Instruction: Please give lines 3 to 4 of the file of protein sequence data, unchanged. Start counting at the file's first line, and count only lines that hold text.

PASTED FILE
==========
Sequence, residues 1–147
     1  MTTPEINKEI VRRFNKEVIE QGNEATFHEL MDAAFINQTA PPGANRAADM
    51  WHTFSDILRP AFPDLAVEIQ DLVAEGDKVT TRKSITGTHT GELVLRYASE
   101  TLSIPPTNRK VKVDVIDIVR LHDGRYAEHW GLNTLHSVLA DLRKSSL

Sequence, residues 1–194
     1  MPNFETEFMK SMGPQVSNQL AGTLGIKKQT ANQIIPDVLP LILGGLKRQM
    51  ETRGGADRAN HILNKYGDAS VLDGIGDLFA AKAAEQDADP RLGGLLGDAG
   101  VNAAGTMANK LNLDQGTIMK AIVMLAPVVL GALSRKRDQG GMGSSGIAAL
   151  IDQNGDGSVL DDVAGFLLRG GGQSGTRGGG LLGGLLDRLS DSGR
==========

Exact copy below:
    51  WHTFSDILRP AFPDLAVEIQ DLVAEGDKVT TRKSITGTHT GELVLRYASE
   101  TLSIPPTNRK VKVDVIDIVR LHDGRYAEHW GLNTLHSVLA DLRKSSL